Golf has its own version of globalisation, with the Ryder Cup surely the only sporting event with a team competing under the EU flag. But what will happen to British golfers in Europe post-Brexit? Tiger Woods is the one golfer of the current era to reach beyond the sport’s core support to revive interest, his April 2019 win at the Masters being absolute testament to that. A hugely talented but much troubled figure, Jeff Benedict and Armen Keteyian’s unauthorised biography Tiger Woods helps untangle the reason for why Tiger is, and remains, a figure who towers above his sport.

Wimbledon fortnight provides a sudden burst of interest in tennis, otherwise languishing down there with the also-rans of sporting interest. Gregory Howe’s Chasing Points is therefore a welcome insight into the pro-tennis tour, as players scramble for points to climb up the rankings. A revelation, it helps to put the world of All England’s SW19 into some kind of perspective.

For a sport on the up, look no further than darts. The game’s rise and rise is hilariously chronicled by the always brilliant Ned Boulting in his new book Heart of Dart-Ness. Bullseyes, the pub game, a packed Ally Pally, world champions, and those garish shirts, Ned’s book has the lot. Darts is a sport just about anyone can play. There might not be as many pubs with a handy dartboard as there once were, but this kind of accessibility still provides darts with its instant appeal. Too many sports have either lost this ease of taking part, or – despite the appeal of so-called ‘role models’ – never had it in the first place.

Sport’s social construction, inclusions and exclusions

Helen Croydon’s This Girl Ran provides the kind of inspiration, in shedloads rather than the odd spoonful, to get off our collective sofa and enjoy the doing , rather than the watching, of sport. Helen’s tale, including triathlons, takes this to extremes, but the maxim remains pertinent – we can all run. Bump, Bike & Baby by Moire O’Sullivan takes this how-to philosophy to another level, combining pregnancy, parenthood and ultra-endurance adventure racing. Remarkably she proves the combination is not only possible but desirable. The latter may not be the response of too many readers, but the very fact that Moira survives to tell her tale could just prove sufficient inspiration for others to follow in her footsteps, just not quite as many.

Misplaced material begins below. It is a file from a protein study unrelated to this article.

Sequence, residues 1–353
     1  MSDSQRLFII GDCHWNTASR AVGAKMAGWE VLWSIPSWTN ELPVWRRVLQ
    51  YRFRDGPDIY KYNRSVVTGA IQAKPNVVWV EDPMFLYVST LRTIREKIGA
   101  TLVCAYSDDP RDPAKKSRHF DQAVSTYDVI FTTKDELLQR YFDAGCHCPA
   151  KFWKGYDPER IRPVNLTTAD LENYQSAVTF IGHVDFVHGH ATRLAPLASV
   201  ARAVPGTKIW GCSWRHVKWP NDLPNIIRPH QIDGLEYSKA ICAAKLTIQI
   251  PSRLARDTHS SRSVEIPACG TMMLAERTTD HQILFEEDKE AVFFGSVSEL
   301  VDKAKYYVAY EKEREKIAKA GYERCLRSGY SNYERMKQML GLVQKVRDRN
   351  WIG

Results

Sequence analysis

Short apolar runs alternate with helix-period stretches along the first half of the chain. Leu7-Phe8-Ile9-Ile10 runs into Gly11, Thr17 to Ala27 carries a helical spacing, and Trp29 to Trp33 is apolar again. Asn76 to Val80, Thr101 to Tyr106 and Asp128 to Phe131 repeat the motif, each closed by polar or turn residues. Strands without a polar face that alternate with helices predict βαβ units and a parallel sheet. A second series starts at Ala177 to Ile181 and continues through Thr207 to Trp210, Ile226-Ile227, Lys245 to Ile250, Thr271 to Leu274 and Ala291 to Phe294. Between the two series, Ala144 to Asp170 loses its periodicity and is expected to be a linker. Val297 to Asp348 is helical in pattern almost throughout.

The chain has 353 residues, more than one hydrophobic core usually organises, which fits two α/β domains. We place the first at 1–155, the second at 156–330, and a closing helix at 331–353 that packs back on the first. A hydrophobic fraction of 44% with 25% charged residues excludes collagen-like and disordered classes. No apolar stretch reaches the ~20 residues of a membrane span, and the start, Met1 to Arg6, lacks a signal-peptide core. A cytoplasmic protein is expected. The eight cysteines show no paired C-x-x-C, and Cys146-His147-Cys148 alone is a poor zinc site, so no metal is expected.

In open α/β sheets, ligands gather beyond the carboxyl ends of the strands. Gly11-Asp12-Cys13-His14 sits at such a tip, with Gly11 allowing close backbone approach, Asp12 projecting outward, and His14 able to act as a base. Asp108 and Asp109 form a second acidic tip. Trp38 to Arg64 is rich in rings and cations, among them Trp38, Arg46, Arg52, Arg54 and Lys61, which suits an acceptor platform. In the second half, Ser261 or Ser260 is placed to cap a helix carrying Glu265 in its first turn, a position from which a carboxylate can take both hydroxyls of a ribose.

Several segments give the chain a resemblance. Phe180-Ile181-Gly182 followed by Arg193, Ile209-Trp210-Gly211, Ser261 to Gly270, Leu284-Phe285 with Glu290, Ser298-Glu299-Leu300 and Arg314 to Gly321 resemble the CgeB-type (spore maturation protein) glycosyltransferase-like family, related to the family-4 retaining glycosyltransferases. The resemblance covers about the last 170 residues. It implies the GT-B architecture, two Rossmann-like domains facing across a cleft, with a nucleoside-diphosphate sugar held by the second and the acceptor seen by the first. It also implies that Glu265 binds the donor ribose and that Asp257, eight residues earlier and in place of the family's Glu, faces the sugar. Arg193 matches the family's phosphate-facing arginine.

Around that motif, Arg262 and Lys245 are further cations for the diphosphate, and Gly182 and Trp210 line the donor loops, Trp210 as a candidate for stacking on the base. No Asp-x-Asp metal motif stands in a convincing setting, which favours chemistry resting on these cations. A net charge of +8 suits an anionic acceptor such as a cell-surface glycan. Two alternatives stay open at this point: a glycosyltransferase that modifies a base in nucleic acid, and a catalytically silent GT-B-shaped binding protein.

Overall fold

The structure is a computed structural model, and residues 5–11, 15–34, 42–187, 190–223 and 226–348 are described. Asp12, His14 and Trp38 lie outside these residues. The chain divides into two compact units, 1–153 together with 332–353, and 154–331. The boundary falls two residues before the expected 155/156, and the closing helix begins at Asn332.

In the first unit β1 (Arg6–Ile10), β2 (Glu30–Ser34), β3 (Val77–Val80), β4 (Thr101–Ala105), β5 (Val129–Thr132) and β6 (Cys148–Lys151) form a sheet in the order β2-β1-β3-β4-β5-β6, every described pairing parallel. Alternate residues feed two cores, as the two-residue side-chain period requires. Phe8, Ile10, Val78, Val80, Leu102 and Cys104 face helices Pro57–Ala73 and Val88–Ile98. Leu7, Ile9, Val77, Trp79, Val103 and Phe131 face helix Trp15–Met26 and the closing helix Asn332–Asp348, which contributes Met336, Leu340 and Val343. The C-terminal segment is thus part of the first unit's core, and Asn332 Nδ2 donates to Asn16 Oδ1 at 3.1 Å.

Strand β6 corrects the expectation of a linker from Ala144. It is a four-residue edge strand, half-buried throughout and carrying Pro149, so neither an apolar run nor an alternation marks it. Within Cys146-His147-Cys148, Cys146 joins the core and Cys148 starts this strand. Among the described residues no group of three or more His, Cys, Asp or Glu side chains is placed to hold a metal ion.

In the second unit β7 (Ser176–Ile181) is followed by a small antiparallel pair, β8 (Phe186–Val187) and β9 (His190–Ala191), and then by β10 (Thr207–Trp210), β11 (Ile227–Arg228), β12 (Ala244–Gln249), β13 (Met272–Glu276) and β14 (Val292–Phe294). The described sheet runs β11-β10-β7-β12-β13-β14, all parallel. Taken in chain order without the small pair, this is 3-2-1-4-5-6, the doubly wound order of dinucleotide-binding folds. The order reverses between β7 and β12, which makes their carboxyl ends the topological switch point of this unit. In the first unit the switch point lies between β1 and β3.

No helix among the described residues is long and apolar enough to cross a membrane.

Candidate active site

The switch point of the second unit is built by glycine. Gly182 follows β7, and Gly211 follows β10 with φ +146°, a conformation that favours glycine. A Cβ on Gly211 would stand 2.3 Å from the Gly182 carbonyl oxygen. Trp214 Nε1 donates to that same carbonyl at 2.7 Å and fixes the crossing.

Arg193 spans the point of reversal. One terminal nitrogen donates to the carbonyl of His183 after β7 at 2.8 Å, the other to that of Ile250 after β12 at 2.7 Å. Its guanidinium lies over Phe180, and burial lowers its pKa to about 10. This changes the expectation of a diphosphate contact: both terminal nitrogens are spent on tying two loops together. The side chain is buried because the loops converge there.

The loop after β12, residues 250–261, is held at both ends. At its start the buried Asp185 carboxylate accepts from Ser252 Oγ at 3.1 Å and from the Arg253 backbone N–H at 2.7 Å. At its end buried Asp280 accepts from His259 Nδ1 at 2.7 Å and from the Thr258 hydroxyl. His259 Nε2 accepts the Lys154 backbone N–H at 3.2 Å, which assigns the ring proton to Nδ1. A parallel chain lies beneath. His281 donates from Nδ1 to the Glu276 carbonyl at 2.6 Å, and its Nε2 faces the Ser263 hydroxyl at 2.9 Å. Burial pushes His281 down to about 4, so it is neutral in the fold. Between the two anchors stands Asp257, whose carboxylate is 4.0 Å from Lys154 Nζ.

Of course, most won’t. This has precious little to do with individual choices, rather it is down to the social construction of sport. Vikki Krane’s Sex, Gender and Sexuality in Sport is as near as we’re ever likely to get to a comprehensive analysis of just one dimension of the exclusions sport both produces and reproduces. There are, unfortunately, plenty more. Despite this, it is rare indeed to find any kind of politics that takes this seriously. Gabriel Kuhn has done an excellent job, therefore, rediscovering and translating from the 1930’s Julius Deutsch’s writings AntiFascism, Sports, Sobriety for a model of the possible.

One writer and political activist above all others effortlessly made the connections that others either struggle with or dismiss. In his classic work Beyond a Boundary, Pan-African, Marxist and cricket-lover CLR James asks the rhetorical question ‘What do they know of cricket who only cricket know?’ The same question could be asked, and answered for each and every other sport too. My pick of the quarter therefore is Marxism, Colonialism and Cricket. No, not your common or garden title for the most outstanding sports book of 2019 to date, perhaps that’s the problem? But what the editors David Featherstone, Christopher Gair, Christian Høgsberg and Andrew Smith have achieved is truly special, mixing James’ personal and political life story, the context of cricket in the West Indies, and the past, present and future of cricket writing. Superb, just the read whilst that old imperial encounter, The Ashes, seeks to nudge the Premier League’s off season from the back pages this sporting summer.

Mark Perryman is the co-founder of the self-styled ‘sporting outfitters of intellectual distinction’ aka Philosophy Football.